What’s more, why I’m still holding to the claim that Tory will be worse for us than a Ford, there’s every reason to suspect he’s going to get away with it.

suspiciously submitted by Cityslikr

Standing Strong For The Status Quo

September 28, 2015

There are days when my rational and sane side win out, when my contempt and general misanthropy wane, taking a back seat and making me, I think, a moderately agreeable person. It rarely occurs without a battle. sunnydispositiononarainydayI don’t enjoy taking the dim view but whoever said that it takes more muscles to frown than to smile couldn’t have been fully on top of either human psychology or physiology.

Reasonable me wants to believe Mayor John Tory is more concerned, is more of an advocate for addressing Toronto’s affordable housing crisis (as part of a broader anti-poverty strategy) than was his predecessor, Rob Ford. That should be a no-brainer, right? I mean, no sooner had Ford assumed the mayor’s office than he started making noise about selling off Toronto Community Housing stock and letting the private sector deal with the mess. There were few social programs he didn’t deem to be akin to thug hugging.

Mayor Tory, on the other hand, has handpicked Councillor Pam McConnell to devise a poverty reduction strategy. Earlier this year he appointed Senator Art Eggleton to oversee the functioning of the Toronto Community Housing Corporation and recommend ways to make it work better. Councillor Ana Bailão continues to focus on ways to deal with the Mount Everest backlog of TCHC state of good repairs. lookbusy1Just last week, the mayor pressed the ReSet button on an initiative to streamline the manner TCHC goes about fixing its housing stock.

So yeah, sane and rational me prevails, seeing Mayor Tory as a step in the right direction on the poverty and affordable housing fronts after the Ford years. Check that It Could Be Worse box.

But here comes disagreeable me to demand that it’d be really great to see the mayor speak and act as passionately and as often about poverty and affordable housing as he does on road repairs and car congestion. He’s pushing a $350 million agenda item at city council meeting this week to expedite work on the Gardiner expressway, reducing the construction timeline down 8 years, from 20 to 12. Just today, the mayor was defending an extra $3.4 million spent on a section of the Gardiner to shorten the repair completion date a few months.

Watch Mayor Tory vigorously champion the $350 million Gardiner rehabilitation expenditure at last week’s Executive Committee meeting on economic grounds (right near the end of the clip).

There is no mountain the mayor does not seem willing to move, no amount of money he will not spend to free drivers of congested traffic. Poverty and affordable housing? He’ll appoint people to make reports. He’ll tweak procurement practices. He’ll press senior levels of government to do their part.

That’s a whole lot better than showing up at buildings and handing out $20 bills but it’s hardly enough. It’s all well and good. It’s not Gardiner expressway rehabilitation level good, though.

This is where the sunny disposition, sane and rational me loses the upper hand on this discussion. No amount of reports or fiddling with the system is going to seriously address the problems at TCHC. Neither will they do much in dealing with poverty in Toronto, and the rise of David Hulchanski’s 3 cities within this city. Tblahblahblahhese are long simmering problems abandoned in any serious way by all 3 levels of governments for the better part of a generation now.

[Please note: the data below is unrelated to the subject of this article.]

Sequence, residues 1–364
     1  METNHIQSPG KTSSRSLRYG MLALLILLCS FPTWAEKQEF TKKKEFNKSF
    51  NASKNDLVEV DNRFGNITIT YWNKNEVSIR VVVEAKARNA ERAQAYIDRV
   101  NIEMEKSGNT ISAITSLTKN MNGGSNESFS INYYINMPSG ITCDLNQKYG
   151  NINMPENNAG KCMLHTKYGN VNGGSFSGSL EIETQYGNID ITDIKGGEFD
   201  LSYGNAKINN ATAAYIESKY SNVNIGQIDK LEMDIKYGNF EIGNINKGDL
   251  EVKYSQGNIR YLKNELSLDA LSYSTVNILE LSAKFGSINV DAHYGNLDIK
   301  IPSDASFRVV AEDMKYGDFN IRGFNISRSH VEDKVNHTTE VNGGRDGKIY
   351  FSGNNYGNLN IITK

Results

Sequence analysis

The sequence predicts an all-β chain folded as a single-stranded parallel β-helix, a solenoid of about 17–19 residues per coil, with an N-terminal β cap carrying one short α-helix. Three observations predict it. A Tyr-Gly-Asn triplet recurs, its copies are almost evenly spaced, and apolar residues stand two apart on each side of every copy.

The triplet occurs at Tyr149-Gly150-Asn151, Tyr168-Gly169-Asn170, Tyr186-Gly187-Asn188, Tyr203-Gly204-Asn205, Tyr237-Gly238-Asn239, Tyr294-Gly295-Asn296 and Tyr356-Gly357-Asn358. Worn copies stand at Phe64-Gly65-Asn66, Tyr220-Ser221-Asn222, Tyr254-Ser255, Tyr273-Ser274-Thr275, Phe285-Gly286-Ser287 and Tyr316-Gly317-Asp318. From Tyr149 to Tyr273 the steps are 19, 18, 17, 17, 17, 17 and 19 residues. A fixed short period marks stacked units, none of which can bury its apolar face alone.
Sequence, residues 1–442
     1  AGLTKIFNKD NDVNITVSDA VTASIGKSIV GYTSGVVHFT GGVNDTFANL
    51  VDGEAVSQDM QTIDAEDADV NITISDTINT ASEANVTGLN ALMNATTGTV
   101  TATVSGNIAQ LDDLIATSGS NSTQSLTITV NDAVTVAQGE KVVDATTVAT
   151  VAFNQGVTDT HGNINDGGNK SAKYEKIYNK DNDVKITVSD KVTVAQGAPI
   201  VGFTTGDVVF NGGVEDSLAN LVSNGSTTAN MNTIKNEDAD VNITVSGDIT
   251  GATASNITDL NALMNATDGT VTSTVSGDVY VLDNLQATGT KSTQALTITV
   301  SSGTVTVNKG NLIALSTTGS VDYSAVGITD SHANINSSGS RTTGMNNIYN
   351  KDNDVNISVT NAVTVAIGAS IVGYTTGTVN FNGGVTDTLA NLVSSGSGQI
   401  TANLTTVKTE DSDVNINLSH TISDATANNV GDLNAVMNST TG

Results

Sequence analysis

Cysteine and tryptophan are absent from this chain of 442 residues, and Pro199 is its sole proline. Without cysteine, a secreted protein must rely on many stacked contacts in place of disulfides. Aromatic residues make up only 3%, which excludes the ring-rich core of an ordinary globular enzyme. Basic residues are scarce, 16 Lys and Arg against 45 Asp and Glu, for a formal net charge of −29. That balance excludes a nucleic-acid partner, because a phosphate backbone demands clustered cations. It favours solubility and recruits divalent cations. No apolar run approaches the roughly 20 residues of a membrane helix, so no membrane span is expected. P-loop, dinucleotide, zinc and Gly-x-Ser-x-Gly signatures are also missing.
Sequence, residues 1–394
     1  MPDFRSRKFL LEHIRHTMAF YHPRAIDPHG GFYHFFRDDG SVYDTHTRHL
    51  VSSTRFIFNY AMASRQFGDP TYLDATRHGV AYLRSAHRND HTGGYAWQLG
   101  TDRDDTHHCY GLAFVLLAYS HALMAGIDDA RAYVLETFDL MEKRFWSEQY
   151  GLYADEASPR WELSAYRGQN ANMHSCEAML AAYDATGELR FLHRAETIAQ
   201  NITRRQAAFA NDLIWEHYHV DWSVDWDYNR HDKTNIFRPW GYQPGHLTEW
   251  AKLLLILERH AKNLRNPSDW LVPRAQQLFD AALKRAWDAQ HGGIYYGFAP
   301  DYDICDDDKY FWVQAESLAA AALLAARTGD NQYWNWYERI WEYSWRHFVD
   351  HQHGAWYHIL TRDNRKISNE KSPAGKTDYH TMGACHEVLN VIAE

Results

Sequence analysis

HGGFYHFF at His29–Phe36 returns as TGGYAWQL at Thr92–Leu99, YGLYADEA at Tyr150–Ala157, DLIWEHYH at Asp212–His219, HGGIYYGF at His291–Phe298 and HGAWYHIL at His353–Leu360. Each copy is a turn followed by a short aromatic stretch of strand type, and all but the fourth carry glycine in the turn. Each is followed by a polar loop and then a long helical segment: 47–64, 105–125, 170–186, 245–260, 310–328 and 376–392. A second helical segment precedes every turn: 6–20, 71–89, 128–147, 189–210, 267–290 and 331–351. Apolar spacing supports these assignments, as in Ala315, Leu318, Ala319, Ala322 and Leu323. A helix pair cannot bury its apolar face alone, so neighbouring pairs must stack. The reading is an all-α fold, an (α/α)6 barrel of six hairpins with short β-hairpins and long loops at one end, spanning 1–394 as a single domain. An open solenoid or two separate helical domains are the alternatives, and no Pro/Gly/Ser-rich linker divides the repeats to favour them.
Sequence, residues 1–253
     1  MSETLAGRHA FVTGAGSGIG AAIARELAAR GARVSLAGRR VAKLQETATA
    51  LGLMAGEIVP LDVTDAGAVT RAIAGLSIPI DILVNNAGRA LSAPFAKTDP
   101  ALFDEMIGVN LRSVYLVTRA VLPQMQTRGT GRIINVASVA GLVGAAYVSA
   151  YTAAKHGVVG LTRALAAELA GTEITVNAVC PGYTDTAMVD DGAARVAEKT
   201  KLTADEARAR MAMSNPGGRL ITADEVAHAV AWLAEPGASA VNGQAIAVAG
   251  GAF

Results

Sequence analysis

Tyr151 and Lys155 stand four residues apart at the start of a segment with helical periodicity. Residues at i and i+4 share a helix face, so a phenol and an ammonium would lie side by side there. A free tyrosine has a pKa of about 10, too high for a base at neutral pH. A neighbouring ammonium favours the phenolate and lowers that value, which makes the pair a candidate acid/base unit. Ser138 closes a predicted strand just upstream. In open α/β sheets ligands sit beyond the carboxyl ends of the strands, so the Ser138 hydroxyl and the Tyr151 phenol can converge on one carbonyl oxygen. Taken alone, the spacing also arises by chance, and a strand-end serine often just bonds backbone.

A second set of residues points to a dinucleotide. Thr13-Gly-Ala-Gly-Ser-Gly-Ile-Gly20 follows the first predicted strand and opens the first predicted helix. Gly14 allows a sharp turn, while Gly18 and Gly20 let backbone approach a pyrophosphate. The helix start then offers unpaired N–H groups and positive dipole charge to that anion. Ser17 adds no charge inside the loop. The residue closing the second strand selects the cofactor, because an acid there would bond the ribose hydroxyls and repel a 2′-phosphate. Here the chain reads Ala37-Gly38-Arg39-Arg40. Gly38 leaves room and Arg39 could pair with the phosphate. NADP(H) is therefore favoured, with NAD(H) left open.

And Mayor Tory’s go-to move on the files? Not dissimilar from Rob Ford’s when he was mayor. Ask/cajole/plead with/shame the provincial and federal governments to pitch in and do their part. Try, and try again. Only this time, it’ll be different because… because… because… ?

Is this the face of a provincial government that looks as if it’s willing to open up its coffers to a municipal ask/demand from Toronto?

The Ontario government is trying to squeeze millions of dollars out of the City of Toronto by appealing the property-tax assessments on several provincial properties – including the Legislature Building at Queen’s Park and the headquarters of the Ministry of Finance.

During the Executive Committee debate over the Gardiner expressway rehabilitation item, it was pointed out that in order to access federal government infrastructure money the project had to use a P3 process. Sure, you can have some money. But always with strings attached. Always.

Mayor Tory hopes to tap into some of that federal infrastructure cash to help with the $2.6 billion repair backlog at TCHC. Another wish that comes, presumably, with strings attached. If we’re lucky.

This is where I can fight off the contempt and discontent no longer. Our mayor seems unprepared, unwilling or unable to challenge this status quo. He talks and talks and talks around it, expresses occasional dissatisfaction with it but in the end, he bows down before it. fingerscrossedWith an eye on the polls, acting on those things which churn with possible voter anger and ballot retribution, he prioritizes his agenda accordingly. Thus, we find ourselves flush with $350 million to speed up repairs on the Gardiner but improvements to living conditions at the TCHC remain dependent on successful asks from senior levels of government.

The poors and their poverty aren’t traditionally big vote getters. That’s simply the undeniable status quo. Mayor Tory isn’t big on challenging the status quo.

sadly submitted by Cityslikr


September 11, 2015

Let me run this one up the flagpole for you.alcaponedeaddeaddead

Regardless of where he lands in terms of a 2024 Olympic bid for Toronto, after his agonizing to watch, behind-the-scenes deliberations, the only firm conclusion you can come to is Mayor John Tory has arrived at his Rob Ford ‘Transit City is Dead’ moment.